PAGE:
Tuesday, April 30, 2013

How to Coach Youth Pitchers


The subject of coaching youth pitchers is an important one. Pitchers should learn proper mechanics. Young pitchers' arms are still growing and are susceptible to injury, both now and in the future. Young pitchers will need to limit the amount of pitches they throw. They should also refrain from throwing curve balls. Of course, some will teach younger pitchers a curve ball, so you will need to teach your pitchers how to be competitive with them. You do this by teaching them how to change speeds and how to locate their pitches.
One of the most important things for a pitcher to learn is proper mechanics. Pitching is extremely hard on a pitcher's arm and shoulder. Proper mechanics limits the wear and tear to a certain extent. Good pitching form starts with good footwork. The pitching foot (the same side as the pitching arm) should be parallel to the rubber, with the outside of the foot up against it. This gives a good surface to push off of. This leg push generates much of the power for a pitcher. Once they push with their leg, they should lead with their chest. When their other foot hits the ground, the arm should finish the throwing motion, complete with a follow through.
It is recommended that a pitcher that is 16 years old or younger limit their pitches to 90 in a day. For a less experienced pitcher, I would recommend even fewer pitches. If a pitcher is laboring and is not able to pitch with proper mechanics, it is time to put another pitcher in. Another use for pitch counts is making sure the pitcher has enough rest between appearances. For each 20 pitches that a pitcher throws in a day, that pitcher should have one full day of rest before pitching again.
Now that they are pitching properly and they have a pitch count to help protect their arms, it is time to learn some pitches. The fastball and the change-up are the first pitches that should be learned. These need to be mastered before moving on to other pitches. For pitchers under 16 years old, throwing curve balls is discouraged. Curve balls are very hard on the arms. Even if there is not an apparent injury, by the time they are pitching in high school, they can develop a loss in velocity. Later in life, shoulder and elbow problems can start to appear. In this writer's opinion, it is just better to not throw curve balls at a young age.
A young pitcher can be very effective without a curve ball. Even with just a fastball, if the pitcher can move the ball around the plate and up and down, they will have success. Then once you start mixing it up with a change-up the batter has a lot to think about. Is the ball going to be inside or outside? Is it going to be high or low? Is it going to be fast or slow? That is all on top of figuring out if it is a strike and whether or not to swing! That is a lot for a young hitter to go up against.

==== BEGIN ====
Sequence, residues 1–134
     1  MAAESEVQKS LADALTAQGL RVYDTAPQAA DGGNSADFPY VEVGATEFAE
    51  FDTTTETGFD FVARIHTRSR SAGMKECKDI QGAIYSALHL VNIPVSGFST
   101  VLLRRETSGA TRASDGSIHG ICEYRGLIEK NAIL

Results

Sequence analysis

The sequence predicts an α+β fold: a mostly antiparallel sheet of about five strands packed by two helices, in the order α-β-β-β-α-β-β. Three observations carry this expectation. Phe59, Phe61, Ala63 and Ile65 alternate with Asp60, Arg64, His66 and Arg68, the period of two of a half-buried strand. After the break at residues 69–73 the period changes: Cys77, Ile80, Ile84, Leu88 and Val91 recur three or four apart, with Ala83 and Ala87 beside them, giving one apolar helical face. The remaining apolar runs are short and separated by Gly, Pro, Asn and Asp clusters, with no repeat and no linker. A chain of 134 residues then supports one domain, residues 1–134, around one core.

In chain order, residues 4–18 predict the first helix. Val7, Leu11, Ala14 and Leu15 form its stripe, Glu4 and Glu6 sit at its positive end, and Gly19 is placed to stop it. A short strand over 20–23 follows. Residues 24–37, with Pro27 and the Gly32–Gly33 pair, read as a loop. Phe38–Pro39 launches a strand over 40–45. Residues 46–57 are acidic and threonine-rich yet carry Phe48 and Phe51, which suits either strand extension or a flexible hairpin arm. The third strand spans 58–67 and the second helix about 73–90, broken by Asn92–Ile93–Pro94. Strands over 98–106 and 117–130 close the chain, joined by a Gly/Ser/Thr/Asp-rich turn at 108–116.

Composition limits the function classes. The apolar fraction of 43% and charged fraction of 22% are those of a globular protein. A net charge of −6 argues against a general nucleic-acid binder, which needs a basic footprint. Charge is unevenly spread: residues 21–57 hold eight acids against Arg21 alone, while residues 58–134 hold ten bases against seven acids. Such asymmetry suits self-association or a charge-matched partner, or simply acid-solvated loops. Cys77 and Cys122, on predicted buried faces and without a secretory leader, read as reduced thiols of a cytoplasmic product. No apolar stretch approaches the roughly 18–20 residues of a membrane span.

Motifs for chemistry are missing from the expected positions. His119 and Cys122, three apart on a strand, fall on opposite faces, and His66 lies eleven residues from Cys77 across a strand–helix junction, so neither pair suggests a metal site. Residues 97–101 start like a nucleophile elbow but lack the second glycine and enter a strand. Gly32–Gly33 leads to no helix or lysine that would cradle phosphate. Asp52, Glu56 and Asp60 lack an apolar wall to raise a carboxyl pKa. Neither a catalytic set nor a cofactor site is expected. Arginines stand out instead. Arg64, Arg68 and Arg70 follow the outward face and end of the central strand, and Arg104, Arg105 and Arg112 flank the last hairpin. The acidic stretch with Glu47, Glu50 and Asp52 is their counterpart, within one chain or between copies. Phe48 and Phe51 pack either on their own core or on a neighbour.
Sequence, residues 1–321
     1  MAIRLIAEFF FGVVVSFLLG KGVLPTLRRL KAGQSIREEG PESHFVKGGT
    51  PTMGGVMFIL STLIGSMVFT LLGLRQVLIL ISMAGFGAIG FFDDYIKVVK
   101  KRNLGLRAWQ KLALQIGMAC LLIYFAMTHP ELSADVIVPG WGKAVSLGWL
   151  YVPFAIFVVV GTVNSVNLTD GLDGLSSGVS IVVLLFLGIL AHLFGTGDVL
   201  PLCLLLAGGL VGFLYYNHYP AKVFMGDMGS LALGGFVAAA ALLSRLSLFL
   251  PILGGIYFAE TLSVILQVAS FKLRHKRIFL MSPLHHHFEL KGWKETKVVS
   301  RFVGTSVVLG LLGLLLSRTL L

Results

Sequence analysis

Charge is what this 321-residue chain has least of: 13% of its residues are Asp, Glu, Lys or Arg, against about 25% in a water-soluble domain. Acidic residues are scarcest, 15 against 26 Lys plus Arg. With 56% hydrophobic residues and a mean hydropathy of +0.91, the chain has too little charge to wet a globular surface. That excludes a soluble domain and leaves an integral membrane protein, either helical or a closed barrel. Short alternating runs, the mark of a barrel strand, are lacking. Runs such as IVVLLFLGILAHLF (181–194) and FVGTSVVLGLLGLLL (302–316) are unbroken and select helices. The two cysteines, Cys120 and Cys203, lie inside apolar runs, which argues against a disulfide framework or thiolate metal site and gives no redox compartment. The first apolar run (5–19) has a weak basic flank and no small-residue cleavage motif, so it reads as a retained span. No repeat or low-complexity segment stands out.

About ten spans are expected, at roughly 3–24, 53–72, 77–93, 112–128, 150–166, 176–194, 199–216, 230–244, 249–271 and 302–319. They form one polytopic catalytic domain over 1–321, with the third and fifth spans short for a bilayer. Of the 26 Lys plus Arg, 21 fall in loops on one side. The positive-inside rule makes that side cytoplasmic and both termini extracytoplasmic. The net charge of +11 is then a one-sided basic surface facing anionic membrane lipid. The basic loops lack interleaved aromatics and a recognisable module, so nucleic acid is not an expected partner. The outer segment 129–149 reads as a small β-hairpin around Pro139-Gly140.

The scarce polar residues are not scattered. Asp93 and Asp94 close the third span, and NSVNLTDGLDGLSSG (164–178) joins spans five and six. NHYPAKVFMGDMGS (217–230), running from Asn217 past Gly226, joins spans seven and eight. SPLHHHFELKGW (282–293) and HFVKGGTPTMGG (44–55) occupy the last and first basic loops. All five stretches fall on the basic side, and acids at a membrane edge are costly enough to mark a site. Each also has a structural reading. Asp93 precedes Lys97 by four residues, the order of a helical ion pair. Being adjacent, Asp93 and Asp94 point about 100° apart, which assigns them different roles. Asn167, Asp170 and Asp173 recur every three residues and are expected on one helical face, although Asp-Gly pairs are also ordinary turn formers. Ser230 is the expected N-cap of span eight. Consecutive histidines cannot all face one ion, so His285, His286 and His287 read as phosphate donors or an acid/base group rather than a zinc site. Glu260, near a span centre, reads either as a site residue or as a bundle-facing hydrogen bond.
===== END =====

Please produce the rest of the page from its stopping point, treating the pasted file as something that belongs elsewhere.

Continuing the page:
A young pitcher needs to start with the fundamentals of good mechanics. Then make sure to put reasonable limits on their pitch count. Teach them a fastball or two and a change-up. Forget about the curve ball for now, that can be learned later. For now, teach them how to command their fastball and change-up. They will be successful as long as they change speed and location. Then, when a pitcher is older (at least 16) and has good command of the fastball and change-up, a curve ball can be added.

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1 comment:

MA-FL Baseball said...

The relevance of a curve ball in Youth Baseball is not only one of the most dangerous thing a young pitcher can throw, it is unnecessary. Your advice to stay away from it all together is right on in my opinion, theres no need for it in Little League. To teach a growing pitcher the accuracy and discipline of good pitch placement will carry any little leaguer much further in his career and his potential can rise to a level that far exceeds those who attempt to throw breaking balls at such a young age. I have seen too many kids have to drop out of baseball as soon as the next level, whether that be Pony League or Babe Ruth League, with arms that are so severely damaged that a kid has to quit a game they love. The speed and fancy pitches come in time and I had to comment to agree with your opinion on proper pitch mechanics as a previous college baseball player whose seen too many teammates and competitors lose their ability to play our national pastime. Stick to the simple things in pitching, pitch location, accuracy and consistency, that will take any young player much further than a stressed arm due to early thrown curve balls.